All puns aside, you’d have to be living under a rock to have missed the turbulent events which recently affected Grampians/Gariwerd climbing access. The social media feeds for most Australian climbers are currently bogged down by press releases, radio snippets and opinion pieces relating to this largely unprecedented climbing ban.
I don’t pretend to be an expert on the Grampians. I’ve only visited the region twice and have spent a mere two days climbing there. As I don’t consider myself particularly well-informed regarding the nature of climbing in the area, I encourage you to listen to those who are – Simon Carter of Onsight Photography has written an excellent, comprehensive piece which you can find here, and Vertical Life has run some great articles as well.
But there are other pieces out there, and those published by mainstream media outlets have generally portrayed climbers in a less than favourable light. Notably, these were the article that appeared in The Age, as well as coverage by the ABC’s 7:30 Report. Both contained some erroneous assumptions and misinformation, and neither represented climbers as particularly virtuous, objectively speaking. But this is the image being presented to Joe Common, and the question we need to seriously ask ourselves is this – is there some truth behind it?
The Grampians ban has been seen by many climbers for what it is – a broadside attack and a shameless smear campaign. The motives are still cloudy, but there have certainly been allusions that Parks Victoria is blockading climbers in order to aid exploitation of the park for commercial gain. Naturally, as a legitimate and arguably important user group, climbers are fighting this development tooth and nail. Such a response is justified, but the fact remains that much of the current focus is external, which means that we’re failing to turn the mirror on ourselves.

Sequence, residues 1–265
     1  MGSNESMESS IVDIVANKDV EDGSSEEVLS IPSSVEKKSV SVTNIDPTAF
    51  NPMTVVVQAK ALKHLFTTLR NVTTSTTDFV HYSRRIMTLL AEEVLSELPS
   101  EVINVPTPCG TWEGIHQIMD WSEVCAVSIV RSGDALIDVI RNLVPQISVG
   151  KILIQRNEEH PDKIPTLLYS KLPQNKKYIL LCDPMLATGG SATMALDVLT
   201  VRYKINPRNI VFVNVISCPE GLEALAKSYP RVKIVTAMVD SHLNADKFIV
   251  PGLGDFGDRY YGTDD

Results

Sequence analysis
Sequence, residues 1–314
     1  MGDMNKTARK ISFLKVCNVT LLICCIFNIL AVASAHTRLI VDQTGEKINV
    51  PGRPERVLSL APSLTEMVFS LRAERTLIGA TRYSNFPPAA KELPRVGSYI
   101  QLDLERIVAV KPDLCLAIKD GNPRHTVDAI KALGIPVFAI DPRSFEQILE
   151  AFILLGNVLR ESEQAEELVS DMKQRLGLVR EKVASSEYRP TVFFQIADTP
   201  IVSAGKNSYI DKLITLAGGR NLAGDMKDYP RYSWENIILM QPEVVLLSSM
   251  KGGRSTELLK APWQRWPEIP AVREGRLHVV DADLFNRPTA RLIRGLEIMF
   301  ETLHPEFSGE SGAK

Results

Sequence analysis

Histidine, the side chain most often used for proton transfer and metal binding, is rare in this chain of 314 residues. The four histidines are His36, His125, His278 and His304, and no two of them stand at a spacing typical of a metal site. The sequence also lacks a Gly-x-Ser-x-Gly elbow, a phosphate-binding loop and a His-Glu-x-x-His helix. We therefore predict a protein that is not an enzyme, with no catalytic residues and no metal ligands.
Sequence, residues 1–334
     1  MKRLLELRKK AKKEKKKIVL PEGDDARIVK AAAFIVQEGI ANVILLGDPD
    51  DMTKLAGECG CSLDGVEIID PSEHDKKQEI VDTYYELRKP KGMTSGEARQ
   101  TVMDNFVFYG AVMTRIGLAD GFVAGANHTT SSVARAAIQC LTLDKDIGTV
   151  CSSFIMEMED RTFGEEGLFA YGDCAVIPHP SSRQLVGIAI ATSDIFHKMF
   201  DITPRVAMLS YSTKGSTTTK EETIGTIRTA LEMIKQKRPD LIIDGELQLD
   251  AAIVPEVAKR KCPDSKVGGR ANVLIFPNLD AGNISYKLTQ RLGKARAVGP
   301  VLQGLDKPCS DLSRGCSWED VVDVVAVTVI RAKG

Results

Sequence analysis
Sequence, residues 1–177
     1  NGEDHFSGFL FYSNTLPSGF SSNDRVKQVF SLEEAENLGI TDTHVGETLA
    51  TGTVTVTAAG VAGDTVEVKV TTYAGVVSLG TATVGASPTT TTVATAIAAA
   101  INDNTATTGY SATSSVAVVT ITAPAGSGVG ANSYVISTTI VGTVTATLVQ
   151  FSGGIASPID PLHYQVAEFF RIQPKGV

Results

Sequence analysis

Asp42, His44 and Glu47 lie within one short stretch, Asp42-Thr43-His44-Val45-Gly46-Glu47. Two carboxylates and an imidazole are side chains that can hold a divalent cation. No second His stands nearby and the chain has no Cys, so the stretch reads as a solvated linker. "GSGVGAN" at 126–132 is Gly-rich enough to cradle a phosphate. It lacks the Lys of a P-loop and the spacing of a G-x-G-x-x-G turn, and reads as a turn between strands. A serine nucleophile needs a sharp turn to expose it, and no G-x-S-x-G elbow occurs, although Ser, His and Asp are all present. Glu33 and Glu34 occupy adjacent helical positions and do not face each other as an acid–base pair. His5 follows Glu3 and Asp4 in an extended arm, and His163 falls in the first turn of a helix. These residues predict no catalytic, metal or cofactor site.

The accusations levelled by Parks Victoria against climbers are mostly bunk, but they do contain some uncomfortable truths. I truly believe that the majority of climbers are responsible outdoorspeople who care greatly for the wilderness and move through it in an ethical manner. But can we put our hands on our hearts and say that we truly leave no trace? My opinion is that we can’t.
When it comes to carrying our rubbish home, burying our turds, and creating or maintaining sustainable trails, climbers are all over it like a cheap suit. But there are some other aspects of the sport which we take for granted and can have a deleterious effect on the environment and the experience of other users. It’s time for a bit of soul-searching, and if we are going to state our case as legitimate stakeholders in this battle, I feel there are practices within the sport that must change.
We love our cliffs and mountains. We are among the best stewards of these areas, but we can be better. The changes I propose are not specific to the Grampians, but rather should be accepted and implemented across the nation. In no particular order, they are:
Redefining bolting practices
These days, it’s hard to imagine an Australian climbing scene without bolts, but there was a time when the practice was controversial. Back in the day, many regarded the advent of sport climbing as sheer environmental vandalism, and in some cases, it looks like they weren’t too far off. Practices which would have been viewed as unethical and heavy-handed are now somewhat common, including gridbolting, rapbolting and retrobolting.